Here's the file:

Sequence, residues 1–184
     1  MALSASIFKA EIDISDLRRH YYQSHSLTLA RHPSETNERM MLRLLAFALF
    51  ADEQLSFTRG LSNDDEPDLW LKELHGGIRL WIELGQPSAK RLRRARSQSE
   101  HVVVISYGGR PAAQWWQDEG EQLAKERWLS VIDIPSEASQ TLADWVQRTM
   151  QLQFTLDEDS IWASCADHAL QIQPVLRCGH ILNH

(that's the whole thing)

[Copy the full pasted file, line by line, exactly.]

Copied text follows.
Sequence, residues 1–184
     1  MALSASIFKA EIDISDLRRH YYQSHSLTLA RHPSETNERM MLRLLAFALF
    51  ADEQLSFTRG LSNDDEPDLW LKELHGGIRL WIELGQPSAK RLRRARSQSE
   101  HVVVISYGGR PAAQWWQDEG EQLAKERWLS VIDIPSEASQ TLADWVQRTM
   151  QLQFTLDEDS IWASCADHAL QIQPVLRCGH ILNH